Anna McNay

Interview with Gustav Metzger


Gustav Metzger: interview

Gustav Metzger: Lift Off!

Kettle’s Yard, Cambridge

24 May – 31 August 2014

“When I was young I wanted art that
would lift off, that would levitate, gyrate, bring together different – perhaps
contradictory  – aspects of my being. The
search for – the need to encapsulate varying kinds of contradictory elements,
the urgency of stopping sharp – extinct – twist and: razor-sharp endpoint.
After the experience, we expand, reconnect with a normality which is not the same
as it was. But normality once changed is not the same.” [Untitled, handwritten
note by Gustav Metzger, p.2 exh. cat.]

Although Metzger (born in Nuremberg,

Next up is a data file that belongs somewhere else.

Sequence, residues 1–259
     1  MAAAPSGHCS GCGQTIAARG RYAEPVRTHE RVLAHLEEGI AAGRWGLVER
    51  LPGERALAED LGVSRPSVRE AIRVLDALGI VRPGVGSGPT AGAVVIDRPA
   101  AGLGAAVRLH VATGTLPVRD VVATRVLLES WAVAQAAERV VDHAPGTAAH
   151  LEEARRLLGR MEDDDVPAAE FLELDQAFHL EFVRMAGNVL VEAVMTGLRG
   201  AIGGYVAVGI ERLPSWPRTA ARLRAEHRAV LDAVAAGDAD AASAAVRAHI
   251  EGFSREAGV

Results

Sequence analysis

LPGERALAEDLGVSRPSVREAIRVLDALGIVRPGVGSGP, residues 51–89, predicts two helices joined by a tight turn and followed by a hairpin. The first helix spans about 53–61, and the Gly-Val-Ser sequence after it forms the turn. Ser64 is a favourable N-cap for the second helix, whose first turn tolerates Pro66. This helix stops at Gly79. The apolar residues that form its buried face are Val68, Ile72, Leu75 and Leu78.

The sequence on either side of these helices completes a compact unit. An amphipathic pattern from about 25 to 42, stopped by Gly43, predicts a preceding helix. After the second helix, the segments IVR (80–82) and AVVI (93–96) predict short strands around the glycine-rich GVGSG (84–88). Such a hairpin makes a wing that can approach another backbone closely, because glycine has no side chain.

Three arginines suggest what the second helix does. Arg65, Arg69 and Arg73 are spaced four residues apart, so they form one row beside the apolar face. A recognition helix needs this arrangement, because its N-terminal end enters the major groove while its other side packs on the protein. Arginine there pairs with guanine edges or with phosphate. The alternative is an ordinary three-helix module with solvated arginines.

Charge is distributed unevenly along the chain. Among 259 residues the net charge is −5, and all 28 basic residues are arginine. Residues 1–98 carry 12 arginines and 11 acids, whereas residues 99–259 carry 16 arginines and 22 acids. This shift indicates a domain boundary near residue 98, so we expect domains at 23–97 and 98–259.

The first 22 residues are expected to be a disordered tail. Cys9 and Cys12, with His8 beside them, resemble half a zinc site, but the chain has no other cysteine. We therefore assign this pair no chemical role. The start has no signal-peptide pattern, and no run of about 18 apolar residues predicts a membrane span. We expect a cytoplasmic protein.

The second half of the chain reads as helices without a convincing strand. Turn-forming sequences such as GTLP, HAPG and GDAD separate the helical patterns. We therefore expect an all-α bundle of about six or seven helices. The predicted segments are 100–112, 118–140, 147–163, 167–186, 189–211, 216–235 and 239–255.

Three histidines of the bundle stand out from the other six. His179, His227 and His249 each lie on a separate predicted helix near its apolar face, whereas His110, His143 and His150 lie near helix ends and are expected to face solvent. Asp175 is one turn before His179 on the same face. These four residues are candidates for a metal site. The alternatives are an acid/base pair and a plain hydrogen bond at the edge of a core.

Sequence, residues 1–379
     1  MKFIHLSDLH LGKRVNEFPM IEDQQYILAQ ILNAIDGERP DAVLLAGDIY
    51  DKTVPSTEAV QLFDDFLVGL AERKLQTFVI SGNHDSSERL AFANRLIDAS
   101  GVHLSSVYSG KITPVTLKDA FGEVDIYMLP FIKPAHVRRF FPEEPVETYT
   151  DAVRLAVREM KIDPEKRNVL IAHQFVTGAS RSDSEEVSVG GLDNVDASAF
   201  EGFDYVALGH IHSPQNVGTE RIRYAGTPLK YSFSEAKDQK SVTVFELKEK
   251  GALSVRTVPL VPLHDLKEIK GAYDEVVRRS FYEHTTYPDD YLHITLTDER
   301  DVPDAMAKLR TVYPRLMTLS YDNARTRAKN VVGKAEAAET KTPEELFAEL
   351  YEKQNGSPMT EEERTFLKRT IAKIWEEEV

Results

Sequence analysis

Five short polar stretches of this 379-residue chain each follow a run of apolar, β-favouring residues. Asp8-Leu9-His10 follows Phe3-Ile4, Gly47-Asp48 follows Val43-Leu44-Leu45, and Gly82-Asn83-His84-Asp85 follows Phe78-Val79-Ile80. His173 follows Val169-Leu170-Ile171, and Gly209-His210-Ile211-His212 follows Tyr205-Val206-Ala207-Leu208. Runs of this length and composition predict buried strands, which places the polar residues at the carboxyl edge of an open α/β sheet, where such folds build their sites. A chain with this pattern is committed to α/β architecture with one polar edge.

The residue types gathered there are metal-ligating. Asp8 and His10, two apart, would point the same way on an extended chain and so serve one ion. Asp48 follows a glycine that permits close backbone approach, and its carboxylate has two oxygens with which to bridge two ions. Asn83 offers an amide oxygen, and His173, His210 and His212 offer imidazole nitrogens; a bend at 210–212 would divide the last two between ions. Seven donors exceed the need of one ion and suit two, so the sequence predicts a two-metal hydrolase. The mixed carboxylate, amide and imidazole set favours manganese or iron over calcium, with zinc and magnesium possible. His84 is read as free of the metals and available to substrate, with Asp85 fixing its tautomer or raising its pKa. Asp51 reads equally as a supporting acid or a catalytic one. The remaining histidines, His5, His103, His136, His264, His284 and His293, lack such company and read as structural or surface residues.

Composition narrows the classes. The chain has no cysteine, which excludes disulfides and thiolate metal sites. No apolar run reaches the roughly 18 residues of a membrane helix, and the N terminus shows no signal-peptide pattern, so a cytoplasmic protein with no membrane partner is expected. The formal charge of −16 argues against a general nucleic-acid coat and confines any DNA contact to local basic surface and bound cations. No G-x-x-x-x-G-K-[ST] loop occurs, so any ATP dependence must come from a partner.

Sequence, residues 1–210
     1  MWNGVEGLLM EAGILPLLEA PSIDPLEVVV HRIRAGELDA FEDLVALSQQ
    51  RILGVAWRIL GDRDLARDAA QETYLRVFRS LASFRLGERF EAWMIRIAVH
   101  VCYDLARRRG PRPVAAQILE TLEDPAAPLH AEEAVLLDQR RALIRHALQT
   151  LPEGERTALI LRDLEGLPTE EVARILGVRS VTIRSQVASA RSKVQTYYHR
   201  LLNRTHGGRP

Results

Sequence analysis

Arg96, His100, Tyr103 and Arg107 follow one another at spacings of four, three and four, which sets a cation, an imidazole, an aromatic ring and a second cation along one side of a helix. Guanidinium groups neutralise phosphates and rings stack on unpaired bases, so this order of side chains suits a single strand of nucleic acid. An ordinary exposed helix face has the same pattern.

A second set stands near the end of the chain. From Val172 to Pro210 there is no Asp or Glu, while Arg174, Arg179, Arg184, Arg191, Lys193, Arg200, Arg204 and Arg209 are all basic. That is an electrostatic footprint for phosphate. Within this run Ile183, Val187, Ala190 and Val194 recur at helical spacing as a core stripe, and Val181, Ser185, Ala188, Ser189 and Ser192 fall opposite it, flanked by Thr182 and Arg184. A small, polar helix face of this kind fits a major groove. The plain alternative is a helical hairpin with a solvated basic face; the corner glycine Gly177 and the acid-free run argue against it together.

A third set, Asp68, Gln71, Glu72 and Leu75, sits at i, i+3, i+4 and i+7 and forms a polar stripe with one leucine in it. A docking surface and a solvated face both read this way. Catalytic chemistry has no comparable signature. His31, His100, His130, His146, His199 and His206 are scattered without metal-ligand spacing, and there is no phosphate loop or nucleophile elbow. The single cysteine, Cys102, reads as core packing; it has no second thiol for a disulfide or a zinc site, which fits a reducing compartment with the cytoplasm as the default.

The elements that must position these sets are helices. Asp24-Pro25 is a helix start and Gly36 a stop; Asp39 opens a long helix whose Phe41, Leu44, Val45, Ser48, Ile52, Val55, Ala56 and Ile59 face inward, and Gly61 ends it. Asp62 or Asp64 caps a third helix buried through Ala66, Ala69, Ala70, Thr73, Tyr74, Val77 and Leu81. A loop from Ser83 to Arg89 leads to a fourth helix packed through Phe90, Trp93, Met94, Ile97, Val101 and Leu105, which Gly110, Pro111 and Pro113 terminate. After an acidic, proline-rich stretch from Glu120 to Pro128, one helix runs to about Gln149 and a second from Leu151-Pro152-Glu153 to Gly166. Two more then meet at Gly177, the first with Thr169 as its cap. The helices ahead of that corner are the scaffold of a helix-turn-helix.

Germany, in 1926) is better known for his Auto-Destructive Art, he was
simultaneously developing its counterpart, Auto-Creative Art, in the same
lecture demonstrations and manifestos that took place from 1959. The current
exhibition of his works at Kettle’s Yard, Cambridge, focuses on the
lesser-known Auto-Creative works, contextualising these against film and
archive footage. It is a significant homecoming for the artist who studied at
the Cambridge School of Art in 1945.

Studio International was lucky
enough to meet Metzger in his London Fields studio. After a brief chat about the
magazine, with Metzger recalling his two contributions from March and October
1969, we turn to talk about his work, his motivations, and his scientifically
driven techniques.

To read the interview, please go to: